• skitter

    Now that you bring it up, it would be very interesting to see a total comparison between a theoretical support chain for flying boats and an aircraft carrier, from capability, to adaptability, to expense, to expanse.

    • fodder650

      There are a couple people who could have that worked out for you. They just haven't found this thread yet.

    • Vairship

      Aerodynamics: the bottom of a flying boat is necessarily compromised to create a boat-shaped hull. Plus there are restrictions on air intake location, due to spray (especially harmful to jet engines). Aircraft-carrier based planes don't have those restrictions.

      Structure/weight: Both flying boats and carrier based aircraft need to be reinforced compared to land-based aircraft, the former due to wave impact loads and the latter due to catapult take-off and hard/restrained landings and tailhook forces. Carrier aircraft also usually have folding wings to reduce space needs aboard ship, and would be more limited in max weight due to flight deck length restriction and flight deck strength restrictions. In the case of bombers, flying boats also have issues with where to locate the bomb bay: the normal location in the bottom of the fuselage would have to be watertight when in the water, causing sealing issues. Other locations (sides of the fuselage, bottom of the wing) limit the size of the bomb bay and bomb delivery.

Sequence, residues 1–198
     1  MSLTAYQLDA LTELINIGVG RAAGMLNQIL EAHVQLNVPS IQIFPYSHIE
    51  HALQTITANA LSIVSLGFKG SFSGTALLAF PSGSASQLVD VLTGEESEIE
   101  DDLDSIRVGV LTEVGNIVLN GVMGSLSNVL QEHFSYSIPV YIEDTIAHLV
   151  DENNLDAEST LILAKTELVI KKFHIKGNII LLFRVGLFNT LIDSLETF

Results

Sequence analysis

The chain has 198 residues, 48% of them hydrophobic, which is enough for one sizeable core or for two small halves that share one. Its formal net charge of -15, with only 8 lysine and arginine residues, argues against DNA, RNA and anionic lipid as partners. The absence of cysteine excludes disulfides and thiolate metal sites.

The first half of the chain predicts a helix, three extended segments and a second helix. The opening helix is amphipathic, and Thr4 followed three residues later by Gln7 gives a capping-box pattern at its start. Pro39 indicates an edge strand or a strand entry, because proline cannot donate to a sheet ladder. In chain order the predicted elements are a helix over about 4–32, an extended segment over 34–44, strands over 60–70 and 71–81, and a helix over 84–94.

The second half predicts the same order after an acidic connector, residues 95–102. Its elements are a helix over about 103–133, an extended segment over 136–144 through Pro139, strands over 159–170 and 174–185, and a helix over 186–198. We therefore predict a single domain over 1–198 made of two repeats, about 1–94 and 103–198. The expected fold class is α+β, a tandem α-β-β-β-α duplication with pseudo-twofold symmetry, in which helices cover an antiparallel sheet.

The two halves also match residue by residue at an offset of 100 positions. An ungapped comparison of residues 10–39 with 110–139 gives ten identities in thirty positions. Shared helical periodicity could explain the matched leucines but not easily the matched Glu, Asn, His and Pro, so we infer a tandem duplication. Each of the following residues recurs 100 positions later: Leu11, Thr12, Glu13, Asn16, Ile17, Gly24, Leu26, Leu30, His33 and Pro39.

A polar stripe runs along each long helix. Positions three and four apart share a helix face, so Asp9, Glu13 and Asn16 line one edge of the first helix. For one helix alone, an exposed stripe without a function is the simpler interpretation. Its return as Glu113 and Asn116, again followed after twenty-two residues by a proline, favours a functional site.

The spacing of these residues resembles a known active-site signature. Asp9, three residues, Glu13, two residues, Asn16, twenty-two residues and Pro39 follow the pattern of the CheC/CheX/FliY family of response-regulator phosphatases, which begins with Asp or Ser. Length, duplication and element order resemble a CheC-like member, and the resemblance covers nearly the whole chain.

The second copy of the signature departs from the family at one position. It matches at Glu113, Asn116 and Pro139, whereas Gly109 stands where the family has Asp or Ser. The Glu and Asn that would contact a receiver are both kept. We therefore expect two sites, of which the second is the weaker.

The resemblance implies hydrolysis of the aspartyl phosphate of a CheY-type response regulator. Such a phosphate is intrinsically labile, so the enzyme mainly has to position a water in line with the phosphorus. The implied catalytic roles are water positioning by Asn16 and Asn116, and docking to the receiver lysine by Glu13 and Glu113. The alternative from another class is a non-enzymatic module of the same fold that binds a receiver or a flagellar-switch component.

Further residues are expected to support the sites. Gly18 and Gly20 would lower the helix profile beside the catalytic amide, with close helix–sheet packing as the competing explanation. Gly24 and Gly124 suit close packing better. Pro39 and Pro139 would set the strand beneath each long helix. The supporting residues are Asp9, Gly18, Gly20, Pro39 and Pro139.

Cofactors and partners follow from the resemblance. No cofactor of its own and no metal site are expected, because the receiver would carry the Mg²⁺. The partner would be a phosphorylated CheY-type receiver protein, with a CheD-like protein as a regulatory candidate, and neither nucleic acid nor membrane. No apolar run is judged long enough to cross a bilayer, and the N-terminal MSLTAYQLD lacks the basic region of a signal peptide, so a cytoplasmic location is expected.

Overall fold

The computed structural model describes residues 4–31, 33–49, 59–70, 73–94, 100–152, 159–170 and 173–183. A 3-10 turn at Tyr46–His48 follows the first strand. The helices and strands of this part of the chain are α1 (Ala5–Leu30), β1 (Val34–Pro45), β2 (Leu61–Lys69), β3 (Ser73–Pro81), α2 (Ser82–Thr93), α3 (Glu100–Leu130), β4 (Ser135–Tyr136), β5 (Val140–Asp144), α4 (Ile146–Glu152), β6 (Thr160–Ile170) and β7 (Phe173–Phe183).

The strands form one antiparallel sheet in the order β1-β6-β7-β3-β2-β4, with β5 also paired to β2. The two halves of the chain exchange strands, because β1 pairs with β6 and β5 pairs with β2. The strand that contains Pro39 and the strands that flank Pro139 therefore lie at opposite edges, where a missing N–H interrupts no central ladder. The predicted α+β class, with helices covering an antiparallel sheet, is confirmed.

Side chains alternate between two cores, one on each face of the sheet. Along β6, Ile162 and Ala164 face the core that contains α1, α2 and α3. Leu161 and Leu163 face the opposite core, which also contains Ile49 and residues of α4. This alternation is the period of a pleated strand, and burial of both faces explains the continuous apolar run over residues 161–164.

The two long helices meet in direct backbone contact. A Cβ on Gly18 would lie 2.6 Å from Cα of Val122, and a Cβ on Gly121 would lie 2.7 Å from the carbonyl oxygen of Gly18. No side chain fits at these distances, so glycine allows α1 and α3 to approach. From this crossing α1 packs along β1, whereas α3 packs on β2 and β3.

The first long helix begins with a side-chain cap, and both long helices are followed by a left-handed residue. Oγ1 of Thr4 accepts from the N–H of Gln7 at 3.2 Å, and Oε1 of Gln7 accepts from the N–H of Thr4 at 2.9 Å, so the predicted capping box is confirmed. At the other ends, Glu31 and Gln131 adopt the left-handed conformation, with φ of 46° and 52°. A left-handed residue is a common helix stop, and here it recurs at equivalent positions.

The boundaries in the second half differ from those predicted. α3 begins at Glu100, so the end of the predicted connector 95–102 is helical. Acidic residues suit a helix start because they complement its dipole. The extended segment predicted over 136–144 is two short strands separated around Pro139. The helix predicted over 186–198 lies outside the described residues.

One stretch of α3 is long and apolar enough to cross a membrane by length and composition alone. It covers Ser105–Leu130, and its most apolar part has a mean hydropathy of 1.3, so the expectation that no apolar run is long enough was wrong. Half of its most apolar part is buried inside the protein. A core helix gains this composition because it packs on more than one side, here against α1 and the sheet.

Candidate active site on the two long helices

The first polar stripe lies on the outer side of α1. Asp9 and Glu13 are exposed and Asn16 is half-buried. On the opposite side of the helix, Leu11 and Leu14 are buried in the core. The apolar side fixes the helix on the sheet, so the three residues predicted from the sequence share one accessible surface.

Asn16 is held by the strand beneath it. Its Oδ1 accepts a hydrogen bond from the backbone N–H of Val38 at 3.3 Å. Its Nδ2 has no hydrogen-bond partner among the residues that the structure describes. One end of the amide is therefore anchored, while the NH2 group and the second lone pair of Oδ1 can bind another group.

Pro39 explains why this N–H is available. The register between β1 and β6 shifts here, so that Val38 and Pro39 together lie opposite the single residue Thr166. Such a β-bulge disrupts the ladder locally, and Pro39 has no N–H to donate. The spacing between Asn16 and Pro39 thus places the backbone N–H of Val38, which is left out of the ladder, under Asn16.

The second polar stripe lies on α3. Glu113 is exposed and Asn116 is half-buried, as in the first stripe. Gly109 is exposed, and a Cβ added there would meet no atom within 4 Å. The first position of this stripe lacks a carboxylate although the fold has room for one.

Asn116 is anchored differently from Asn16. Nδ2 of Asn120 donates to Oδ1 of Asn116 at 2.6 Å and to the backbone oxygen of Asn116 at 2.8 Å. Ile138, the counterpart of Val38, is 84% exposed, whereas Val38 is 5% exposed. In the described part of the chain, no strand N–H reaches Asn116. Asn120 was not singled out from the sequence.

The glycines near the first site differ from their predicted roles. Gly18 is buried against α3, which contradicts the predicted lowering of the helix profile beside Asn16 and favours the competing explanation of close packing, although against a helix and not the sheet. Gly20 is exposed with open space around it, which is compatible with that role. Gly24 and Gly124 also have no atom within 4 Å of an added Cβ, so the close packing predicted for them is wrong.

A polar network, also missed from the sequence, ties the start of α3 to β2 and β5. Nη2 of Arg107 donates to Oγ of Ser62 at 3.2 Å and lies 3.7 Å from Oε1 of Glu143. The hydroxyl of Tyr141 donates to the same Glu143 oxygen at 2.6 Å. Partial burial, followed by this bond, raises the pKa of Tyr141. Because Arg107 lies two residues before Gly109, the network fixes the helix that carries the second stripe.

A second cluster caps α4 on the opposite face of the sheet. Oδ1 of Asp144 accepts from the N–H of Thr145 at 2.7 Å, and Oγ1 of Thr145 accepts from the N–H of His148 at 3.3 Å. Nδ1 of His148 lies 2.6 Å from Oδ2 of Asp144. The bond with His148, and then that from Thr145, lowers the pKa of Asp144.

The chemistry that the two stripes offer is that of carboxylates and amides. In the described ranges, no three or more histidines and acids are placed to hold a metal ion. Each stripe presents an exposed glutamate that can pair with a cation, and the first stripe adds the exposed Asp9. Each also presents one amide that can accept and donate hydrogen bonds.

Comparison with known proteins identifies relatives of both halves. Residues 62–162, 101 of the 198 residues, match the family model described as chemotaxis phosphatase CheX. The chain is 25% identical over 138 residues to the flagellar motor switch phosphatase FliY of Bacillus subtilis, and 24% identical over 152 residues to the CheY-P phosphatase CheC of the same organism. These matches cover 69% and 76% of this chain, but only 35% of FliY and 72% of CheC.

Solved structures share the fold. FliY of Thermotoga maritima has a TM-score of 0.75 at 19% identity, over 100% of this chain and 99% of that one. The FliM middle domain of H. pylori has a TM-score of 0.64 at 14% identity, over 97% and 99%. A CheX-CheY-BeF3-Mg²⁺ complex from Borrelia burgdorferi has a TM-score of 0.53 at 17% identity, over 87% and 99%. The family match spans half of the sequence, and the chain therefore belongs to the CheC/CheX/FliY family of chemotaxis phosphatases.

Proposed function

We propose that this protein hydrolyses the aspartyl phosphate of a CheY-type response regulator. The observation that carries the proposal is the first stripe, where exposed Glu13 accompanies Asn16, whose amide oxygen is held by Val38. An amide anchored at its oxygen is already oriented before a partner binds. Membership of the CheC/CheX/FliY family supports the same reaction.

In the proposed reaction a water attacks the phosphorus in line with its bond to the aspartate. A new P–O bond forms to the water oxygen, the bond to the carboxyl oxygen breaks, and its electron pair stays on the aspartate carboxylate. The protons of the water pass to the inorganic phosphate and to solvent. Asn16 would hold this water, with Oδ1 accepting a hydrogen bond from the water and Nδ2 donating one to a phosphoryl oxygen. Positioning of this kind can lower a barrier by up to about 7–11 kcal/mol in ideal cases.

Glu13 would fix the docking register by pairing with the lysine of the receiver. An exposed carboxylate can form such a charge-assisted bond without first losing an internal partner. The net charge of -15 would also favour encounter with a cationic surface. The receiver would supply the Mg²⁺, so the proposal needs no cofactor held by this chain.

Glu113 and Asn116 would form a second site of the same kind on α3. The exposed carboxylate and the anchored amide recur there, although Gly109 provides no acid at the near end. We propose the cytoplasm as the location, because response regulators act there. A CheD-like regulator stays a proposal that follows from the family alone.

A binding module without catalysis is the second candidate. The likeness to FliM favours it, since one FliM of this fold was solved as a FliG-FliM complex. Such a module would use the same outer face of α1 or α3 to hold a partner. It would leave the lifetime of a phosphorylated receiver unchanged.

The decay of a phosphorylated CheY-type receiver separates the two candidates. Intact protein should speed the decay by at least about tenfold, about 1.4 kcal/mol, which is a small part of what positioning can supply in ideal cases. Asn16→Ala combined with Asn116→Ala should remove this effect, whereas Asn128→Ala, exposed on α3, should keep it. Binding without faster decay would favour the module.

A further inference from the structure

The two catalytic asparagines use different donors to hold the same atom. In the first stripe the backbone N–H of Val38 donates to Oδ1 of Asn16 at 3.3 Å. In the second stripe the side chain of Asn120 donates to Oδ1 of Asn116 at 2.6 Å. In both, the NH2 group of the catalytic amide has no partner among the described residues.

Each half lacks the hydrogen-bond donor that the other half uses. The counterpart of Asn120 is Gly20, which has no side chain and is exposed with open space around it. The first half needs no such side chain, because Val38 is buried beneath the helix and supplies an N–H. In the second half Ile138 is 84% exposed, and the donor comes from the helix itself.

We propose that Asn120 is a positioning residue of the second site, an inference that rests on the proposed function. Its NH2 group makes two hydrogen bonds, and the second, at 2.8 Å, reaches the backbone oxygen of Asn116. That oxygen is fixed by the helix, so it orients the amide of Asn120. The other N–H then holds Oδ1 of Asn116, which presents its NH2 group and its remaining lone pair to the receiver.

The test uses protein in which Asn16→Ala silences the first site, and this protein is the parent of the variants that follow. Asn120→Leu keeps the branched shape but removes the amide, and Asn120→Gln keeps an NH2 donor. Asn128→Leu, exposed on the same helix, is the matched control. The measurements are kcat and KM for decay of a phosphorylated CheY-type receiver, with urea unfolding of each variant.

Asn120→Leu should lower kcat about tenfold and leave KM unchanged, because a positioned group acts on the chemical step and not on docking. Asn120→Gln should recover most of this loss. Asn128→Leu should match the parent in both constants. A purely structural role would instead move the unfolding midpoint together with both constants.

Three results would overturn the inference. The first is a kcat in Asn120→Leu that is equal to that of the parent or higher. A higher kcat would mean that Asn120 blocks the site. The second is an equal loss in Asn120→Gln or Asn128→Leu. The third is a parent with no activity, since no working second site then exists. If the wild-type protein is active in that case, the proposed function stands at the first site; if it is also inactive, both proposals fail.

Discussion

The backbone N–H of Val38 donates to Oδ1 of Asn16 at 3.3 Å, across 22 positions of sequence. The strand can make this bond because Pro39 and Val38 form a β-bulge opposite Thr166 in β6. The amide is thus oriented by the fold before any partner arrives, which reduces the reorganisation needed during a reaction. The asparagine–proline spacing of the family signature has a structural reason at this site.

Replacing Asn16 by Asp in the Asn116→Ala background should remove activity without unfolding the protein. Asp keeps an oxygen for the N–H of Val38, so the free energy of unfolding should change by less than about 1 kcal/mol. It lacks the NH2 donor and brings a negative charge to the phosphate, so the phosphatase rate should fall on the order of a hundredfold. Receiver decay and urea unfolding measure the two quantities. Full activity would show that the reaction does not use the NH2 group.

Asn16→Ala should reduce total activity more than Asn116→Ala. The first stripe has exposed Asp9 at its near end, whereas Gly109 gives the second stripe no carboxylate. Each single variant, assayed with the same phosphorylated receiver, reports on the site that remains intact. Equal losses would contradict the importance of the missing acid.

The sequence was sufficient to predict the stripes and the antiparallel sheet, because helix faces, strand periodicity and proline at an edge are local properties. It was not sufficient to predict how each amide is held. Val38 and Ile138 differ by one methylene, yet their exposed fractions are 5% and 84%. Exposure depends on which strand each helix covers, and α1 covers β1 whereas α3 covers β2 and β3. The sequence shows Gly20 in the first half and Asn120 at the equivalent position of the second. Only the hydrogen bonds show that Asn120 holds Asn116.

Aircraft size: nearly unrestricted for flying boats, very limited for aircraft-carrier planes.

      Cost: flying boats stationed near land will be much cheaper. Yes, you still have to build a land base to drag the aircraft out of the water for maintenance and avoid damage during storms, but that base will be much cheaper than an aircraft carrier. Plus a land-based facility won't burn fuel to propel itself.

      Access to war zone: here is where the aircraft carrier makes its mark. It can go wherever there is deep enough water. Flying boat bases on the other hand need a large, protected bay for take-off and landing, and a ramp to drag the aircraft on land (which means steep cliffs are a no-no). There just aren't that many bits o' land meeting all these requirements in all the right places (such as the Middle East) that are friendly to the flying boat's nation of origin. This is why the US is starting to turn away from land bases and looking into seabasing.